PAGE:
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Revenge porn perpetrators to be jailed under new laws

Women’s Aid said in some cases ex-partners have advertised their partners on escort sites without their consent or knowledge.

STRICT NEW LAWS designed to tackle the rise of revenge porn will see those guilty of sharing explicit media face jail time and an unlimited fine.

Justice Minister Frances Fitzgerald has received approval from the Cabinet over the Non Fatal Offences Bill which seeks to address the dissemination of revenge pornography and stalking.

The legal definition of harassment will also be extended to online fora and social media.

Under proposals by the Law Reform Commission, those guilty of sharing explicit images or videos of someone without their consent can be jailed for up to 12 months and fined €5,000 if dealt with at District Court level.

However, those found guilty of more serious forms of online harassment at the Circuit Court can face seven years in jail and unlimited fine.

Punishment

Justice Minister Frances Fitzgerald said: “The work of the Law Reform Commission has been very useful and Government will now legislate to strike the correct balance between the right to freedom of expression and the right to privacy.

“Phenomena such as so-called revenge pornography and the publication of voyeuristic material can do serious and lasting harm at the touch of a button, and it is important that we act now to ensure our laws can deal effectively with these challenges.”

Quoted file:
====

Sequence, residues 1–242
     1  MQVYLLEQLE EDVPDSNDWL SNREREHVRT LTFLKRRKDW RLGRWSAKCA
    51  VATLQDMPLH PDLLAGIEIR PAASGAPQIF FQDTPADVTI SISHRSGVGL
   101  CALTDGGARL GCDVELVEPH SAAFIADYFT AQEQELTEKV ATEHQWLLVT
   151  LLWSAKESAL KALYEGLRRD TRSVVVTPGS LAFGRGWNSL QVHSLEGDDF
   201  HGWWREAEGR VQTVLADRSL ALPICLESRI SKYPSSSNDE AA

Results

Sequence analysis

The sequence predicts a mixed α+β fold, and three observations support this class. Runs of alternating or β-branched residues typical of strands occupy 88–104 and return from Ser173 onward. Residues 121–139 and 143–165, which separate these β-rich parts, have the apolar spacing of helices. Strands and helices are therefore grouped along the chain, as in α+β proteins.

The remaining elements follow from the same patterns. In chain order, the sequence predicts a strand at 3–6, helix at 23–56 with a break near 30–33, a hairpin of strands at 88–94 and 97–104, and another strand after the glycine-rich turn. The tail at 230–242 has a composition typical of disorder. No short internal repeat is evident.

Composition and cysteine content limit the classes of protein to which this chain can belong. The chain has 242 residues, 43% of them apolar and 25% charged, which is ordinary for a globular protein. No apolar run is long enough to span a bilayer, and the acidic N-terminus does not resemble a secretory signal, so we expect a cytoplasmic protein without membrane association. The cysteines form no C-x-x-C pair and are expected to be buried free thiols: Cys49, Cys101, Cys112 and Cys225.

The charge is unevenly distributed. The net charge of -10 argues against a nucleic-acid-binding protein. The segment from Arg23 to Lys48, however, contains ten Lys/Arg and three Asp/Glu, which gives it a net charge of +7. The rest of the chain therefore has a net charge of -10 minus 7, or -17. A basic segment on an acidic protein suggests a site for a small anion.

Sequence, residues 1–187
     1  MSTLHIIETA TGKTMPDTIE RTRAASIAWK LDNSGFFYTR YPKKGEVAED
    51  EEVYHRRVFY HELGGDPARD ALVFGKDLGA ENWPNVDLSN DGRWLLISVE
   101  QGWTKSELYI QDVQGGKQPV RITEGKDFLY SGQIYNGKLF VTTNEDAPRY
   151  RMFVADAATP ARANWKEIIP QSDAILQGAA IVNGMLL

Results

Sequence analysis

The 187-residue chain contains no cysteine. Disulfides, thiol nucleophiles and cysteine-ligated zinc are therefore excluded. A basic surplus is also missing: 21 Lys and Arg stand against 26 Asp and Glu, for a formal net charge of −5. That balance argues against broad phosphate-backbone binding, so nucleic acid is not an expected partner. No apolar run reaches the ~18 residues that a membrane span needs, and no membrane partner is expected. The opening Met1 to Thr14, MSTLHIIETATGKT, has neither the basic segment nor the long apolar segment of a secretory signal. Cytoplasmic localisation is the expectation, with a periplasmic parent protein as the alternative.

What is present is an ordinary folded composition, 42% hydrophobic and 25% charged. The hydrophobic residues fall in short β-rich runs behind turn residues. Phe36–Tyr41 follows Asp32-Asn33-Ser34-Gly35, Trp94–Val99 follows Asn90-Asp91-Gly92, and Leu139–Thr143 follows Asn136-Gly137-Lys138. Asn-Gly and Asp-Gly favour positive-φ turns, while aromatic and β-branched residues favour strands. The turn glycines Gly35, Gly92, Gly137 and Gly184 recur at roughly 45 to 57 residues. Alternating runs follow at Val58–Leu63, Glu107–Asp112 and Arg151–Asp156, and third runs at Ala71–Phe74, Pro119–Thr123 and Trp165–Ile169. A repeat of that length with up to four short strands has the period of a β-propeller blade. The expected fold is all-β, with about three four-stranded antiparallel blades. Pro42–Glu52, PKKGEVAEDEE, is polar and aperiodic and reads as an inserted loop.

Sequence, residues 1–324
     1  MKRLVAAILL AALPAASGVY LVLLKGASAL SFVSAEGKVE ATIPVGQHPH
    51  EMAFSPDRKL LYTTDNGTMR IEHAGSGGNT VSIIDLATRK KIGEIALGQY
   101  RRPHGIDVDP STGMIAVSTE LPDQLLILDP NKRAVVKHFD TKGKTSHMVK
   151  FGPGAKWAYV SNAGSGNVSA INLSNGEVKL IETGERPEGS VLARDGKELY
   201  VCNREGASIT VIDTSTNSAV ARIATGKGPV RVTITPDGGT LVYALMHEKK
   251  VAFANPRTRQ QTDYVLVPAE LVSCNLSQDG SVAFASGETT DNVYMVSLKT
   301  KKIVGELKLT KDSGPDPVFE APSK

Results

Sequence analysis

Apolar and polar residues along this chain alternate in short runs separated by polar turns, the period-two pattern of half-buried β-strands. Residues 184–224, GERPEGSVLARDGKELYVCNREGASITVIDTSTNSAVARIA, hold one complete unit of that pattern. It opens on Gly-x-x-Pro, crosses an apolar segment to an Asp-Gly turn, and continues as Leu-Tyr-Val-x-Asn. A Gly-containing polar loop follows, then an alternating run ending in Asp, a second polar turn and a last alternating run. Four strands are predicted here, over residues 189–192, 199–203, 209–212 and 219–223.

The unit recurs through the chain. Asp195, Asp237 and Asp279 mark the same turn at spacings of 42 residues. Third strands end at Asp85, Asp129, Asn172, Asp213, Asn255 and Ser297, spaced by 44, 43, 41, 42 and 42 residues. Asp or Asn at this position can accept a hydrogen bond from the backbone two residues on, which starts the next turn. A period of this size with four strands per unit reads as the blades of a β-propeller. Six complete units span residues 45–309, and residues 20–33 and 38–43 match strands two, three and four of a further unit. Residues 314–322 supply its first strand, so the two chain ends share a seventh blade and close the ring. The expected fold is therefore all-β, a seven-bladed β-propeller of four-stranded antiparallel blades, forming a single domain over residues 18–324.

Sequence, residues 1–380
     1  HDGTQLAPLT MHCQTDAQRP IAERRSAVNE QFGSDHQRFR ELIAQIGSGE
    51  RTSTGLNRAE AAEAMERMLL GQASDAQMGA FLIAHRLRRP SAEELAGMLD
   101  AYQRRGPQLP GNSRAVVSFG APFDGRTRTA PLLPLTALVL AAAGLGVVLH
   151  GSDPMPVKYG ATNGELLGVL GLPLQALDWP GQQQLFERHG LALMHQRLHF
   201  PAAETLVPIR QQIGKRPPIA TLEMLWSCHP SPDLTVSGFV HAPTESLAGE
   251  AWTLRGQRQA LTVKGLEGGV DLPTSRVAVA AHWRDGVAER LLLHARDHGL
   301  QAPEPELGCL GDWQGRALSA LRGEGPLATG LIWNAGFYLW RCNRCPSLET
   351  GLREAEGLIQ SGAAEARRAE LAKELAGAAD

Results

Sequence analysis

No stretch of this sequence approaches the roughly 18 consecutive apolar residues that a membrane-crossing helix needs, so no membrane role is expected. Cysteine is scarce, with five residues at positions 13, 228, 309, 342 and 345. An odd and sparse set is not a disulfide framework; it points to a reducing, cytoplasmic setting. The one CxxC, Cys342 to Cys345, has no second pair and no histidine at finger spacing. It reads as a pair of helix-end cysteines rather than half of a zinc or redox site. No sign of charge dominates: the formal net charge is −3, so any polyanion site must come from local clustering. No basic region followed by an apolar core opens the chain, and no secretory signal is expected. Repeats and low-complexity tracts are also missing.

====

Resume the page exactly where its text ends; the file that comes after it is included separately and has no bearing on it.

A digital safety report, published earlier this year, recommended the enactment of two new criminal offences to deal with these kinds of incidents: one which forbids the posting online of intimate images without consent, the other which will prevent secretly filming or photographing private areas of a person, also known as ‘upskirting’ and ‘down-blousing’.

Other recommendations by the Law Reform Commission would make activities such as posting abuse from fake social media profiles a form of harassment.

The report also said that instances of stalking have been amplified in its online guise, and says this should also be considered as a separate offence, as it is “an aggravated form of harassment”.

Women’s Aid has said it is encouraged to hear that Fitzgerald will now draft a bill “providing for new and extended criminal offences in this area and it hopes that this will be a pivotal step in bringing Ireland’s laws into the 21st century”.

Margaret Martin, Director of Women’s Aid, said digital abuse in intimate relationships “is real, it is harmful and it must be treated as a serious crime”.

We have long been concerned about disclosures of digital abuse made to our National Freephone Helpline and other services. In our contacts with women, they have told us that their personal details have been shared and lies spread about them online.
Women disclosed that they have been impersonated by their abuser online. The most common form of digital abuse we hear about are damaging rumours being spread about women both personally and professionally and having sexually explicit images and posted online without consent (‘revenge pornography’).
In other cases, abusive partners or ex-partners have advertised their partners on escort sites without their consent or knowledge.”

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